The second reason I disagree with the majority is that I believe the prosecutor has a basic right to meet the speculative defenses and arguments raised by defense counsel and here the prosecutor's statements fell within his right to comment on defense counsel's speculation and on what the evidence shows. A prosecutor is entitled to rebut defense counsel's speculations. United States v. Harris, 627 F.2d 474, 476 (D.C. Cir.), cert. denied, 449 U.S. 961, 101 S.Ct. 375, 66 L.Ed.2d 229 (1980), cited at p. 167, ante. See United States v. Normile, 587 F.2d 784, 787-88 (5th Cir. 1979). The majority attempts to distinguish Harris on the basis that the evidence in that case could conceivably have been contradicted by witnesses other than the defendant. P. 167, ante. This distinction is illegitimate for two reasons. First, as I have explained, Kobel's testimony could have been contradicted by sources other than petitioner. Second, the Harris court makes no reference whatsoever to whether evidence could have come from any source other than the defendant and the court makes no indication that the possible sources of contradictory evidence affected its decision in any way.
The majority also attempts to distinguish Harris on the basis that it involved an isolated reference whereas in the instant case there were five references. P. 167 n. 4 ante. As explained above, the prosecutor specifically referred to possible sources of evidence other than petitioner in four of his comments. Even if the fifth comment were considered a reference to petitioner's failure to testify, it was an isolated comment.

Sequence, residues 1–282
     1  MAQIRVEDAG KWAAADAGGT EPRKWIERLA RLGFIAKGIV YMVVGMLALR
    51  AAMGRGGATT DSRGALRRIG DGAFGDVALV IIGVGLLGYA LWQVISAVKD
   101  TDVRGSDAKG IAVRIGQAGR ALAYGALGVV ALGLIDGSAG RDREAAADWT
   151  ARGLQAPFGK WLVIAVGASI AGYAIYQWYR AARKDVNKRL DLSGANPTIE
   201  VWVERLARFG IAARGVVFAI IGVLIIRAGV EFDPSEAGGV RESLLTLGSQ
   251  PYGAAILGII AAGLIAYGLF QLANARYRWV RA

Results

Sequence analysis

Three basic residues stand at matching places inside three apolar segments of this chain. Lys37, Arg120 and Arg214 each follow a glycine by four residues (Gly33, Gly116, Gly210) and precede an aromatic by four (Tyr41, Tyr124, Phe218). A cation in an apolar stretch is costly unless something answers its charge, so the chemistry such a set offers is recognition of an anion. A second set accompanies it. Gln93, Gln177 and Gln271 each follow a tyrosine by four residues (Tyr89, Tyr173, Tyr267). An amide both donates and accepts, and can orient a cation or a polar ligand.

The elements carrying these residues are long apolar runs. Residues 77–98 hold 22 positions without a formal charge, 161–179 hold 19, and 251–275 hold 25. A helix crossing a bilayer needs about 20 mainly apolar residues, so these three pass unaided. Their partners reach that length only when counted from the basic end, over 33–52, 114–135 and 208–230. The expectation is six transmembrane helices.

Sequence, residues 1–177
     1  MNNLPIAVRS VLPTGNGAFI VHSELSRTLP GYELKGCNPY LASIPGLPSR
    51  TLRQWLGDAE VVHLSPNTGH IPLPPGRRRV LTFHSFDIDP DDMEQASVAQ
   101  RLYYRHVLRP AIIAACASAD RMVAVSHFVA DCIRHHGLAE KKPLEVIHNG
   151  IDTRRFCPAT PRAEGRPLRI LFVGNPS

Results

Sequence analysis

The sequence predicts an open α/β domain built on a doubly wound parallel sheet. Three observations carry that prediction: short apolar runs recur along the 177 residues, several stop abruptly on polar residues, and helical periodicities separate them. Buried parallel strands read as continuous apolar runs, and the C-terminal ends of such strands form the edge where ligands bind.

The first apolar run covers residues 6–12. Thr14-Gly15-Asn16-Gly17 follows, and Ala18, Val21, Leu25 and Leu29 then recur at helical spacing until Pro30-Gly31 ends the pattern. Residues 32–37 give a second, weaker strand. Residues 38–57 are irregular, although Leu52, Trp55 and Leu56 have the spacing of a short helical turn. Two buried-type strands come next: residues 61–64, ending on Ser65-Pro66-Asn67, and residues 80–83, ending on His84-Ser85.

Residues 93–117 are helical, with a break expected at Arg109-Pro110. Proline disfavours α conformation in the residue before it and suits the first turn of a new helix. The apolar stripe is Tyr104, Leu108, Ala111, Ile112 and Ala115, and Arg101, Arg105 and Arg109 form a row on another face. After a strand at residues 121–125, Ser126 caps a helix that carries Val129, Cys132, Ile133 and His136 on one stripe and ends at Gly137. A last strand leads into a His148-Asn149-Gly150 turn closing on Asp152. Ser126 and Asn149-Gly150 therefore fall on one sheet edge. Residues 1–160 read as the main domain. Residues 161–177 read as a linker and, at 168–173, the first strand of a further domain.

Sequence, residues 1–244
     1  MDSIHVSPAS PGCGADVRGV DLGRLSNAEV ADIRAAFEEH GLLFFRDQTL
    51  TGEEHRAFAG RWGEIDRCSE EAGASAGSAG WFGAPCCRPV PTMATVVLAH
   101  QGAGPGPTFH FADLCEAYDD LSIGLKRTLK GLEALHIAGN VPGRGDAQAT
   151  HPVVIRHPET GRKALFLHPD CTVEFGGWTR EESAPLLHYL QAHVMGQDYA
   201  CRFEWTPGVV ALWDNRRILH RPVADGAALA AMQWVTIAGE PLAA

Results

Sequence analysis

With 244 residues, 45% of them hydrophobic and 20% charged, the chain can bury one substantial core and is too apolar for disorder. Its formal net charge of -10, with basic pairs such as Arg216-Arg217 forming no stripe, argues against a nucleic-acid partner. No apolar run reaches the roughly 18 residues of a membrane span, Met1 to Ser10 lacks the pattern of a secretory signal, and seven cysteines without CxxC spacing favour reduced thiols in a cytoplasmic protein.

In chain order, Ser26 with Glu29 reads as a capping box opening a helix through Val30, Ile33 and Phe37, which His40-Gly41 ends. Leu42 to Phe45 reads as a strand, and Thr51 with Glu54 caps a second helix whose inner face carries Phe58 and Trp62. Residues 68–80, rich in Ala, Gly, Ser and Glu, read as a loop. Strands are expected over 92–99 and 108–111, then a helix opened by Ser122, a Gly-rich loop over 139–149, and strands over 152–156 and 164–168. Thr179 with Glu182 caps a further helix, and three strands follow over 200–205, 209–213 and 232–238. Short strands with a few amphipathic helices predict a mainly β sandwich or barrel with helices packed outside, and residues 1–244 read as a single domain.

The majority gives prosecutors too narrow a range of permissible comment to rebut what appears to be unbounded and unfounded speculation. The majority would limit the prosecutor to telling the jury that defense counsel's statements were mere speculation and were not evidence. P. 167 n. 3, ante. The prosecutor did that in the instant case. P. 165, ante. I see nothing wrong with the prosecutor making additional statements so that the jury will believe him when he says the statements were mere speculation. The prosecutor carefully went through the evidence, pointed out that all the evidence supported his theory of the case, and left the jury with the conclusion that that defense counsel's remarks were indeed mere speculation. The majority erroneously assumes that just because a prosecutor tells the jury that defense counsel's arguments are speculation, the jury will believe that defense counsel's comments are no more than that. I will not make such an assumption. We are here dealing with a particularly brutal trilogy of murders, the evidence on which points unerringly at petitioner, whose constitutional rights were adequately respected in the state court proceeding.
Because the prosecutor did not refer to a matter about which only the accused could offer evidence and because the prosecutor's comments were merely statements on the state of the record invited by the defense, I dissent.